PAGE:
During the physical examination, your doctor can assess the affected hand, wrist, and thumb. They will look for signs of swelling, tenderness, warmth, and redness in the area. They may also check your range of motion in the thumb and wrist and perform specific tests to evaluate the pain and irritation of the tendons.

Finkelstein Test

This test is used to diagnose De Quervain’s disease. During this test, the doctor can ask you to make a fist with your thumb tucked inside your fingers. Then, they will bend your wrist towards your little finger. If it causes pain on the thumb side of your wrist, you likely have De Quervain’s disease. The Finkelstein test is a simple and non-invasive way to diagnose De Quervain’s disease.

What are the De Quervain Syndrome Treatments?

The treatment for De Quervain disease aims to reduce inflammation, alleviate pain, and improve the function of the thumb and wrist. The treatment depends on the severity of the condition and may involve conservative (non-surgical) and, in some cases, surgical options. Here are the standard treatments for De Quervain’s:

1. Rest and Activity Modification

Avoiding activities that worsen the symptoms and giving the affected hand and wrist sufficient rest can help reduce irritation and inflammation of the tendons. If the condition is related to a specific repetitive activity, modifying or limiting that activity may be necessary.

2. Splinting

Wearing a thumb splint or brace can immobilize the thumb and wrist, allowing the inflamed tendons to rest and heal. The sling is usually worn continuously or during activities that may strain the wrist and thumb.

3.Ice Therapy

Applying ice packs to the affected area for about 15–20 minutes several times daily can help reduce swelling and relieve pain. Using a cloth or towel to wrap the ice pack is essential to prevent direct skin contact.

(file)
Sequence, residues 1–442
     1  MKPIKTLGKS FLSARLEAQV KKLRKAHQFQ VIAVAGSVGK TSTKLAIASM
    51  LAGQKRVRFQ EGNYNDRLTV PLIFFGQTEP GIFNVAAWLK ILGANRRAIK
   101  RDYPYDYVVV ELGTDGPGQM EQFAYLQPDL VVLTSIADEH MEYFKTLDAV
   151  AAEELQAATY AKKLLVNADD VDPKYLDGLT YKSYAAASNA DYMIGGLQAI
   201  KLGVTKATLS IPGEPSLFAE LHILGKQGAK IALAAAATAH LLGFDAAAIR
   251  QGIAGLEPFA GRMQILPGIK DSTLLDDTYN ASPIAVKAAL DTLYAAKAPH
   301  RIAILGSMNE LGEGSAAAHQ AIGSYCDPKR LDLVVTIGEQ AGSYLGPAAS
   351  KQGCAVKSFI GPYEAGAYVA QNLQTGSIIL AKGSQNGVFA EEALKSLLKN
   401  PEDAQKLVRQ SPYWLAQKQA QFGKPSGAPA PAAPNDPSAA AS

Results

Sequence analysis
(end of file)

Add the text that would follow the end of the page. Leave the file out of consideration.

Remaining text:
4. Nonsteroidal Anti-Inflammatory Drugs (NSAIDs)

Over-the-counter medications like naproxen or ibuprofen can assist in reducing inflammation and pain. However, you must always consult a doctor before using any medicine.

5. Corticosteroid Injections

Some painkillers, like acetaminophen or ibuprofen, can help reduce pain and inflammation. Moreover, prescription medications may also be used in some cases.If symptoms are severe or are not improving with conservative treatments, your doctor may suggest corticosteroid injections. These medications work as anti-inflammatories and are injected directly into the affected area to reduce inflammation and provide relief. However, corticosteroid injections are not suitable for everyone and are typically limited to one or two injections due to potential side effects.

6. Physical therapy

A physical therapist might help with specific exercises to improve the flexibility and strength of the thumb and wrist. They may also employ techniques such as ultrasound or manual therapy to aid in the recovery process.

7. Occupational Therapy

Occupational therapists can guide adaptations to daily activities to minimize stress on the wrist and thumb and recommend ergonomic practices.

8. Extracorporeal Shock Wave Therapy (ESWT)

ESWT is a non-invasive procedure that uses shock waves to promote healing in the affected area. It may be considered for chronic or stubborn cases of De Quervain’s.

9. Surgery Intervention

Surgery may be recommended if conservative treatments do not provide relief or if the condition is severe. The surgical procedure involves releasing the constricted tendons to alleviate pressure and reduce inflammation. It is usually done outpatient, and the recovery time is generally quick.

 The treatment choice will depend on the individual’s condition and response to various therapies. However, it’s essential to consult with a doctor to determine the most suitable treatment plan for your specific case of De Quervain disease. Early intervention and appropriate management can significantly improve and relieve symptoms.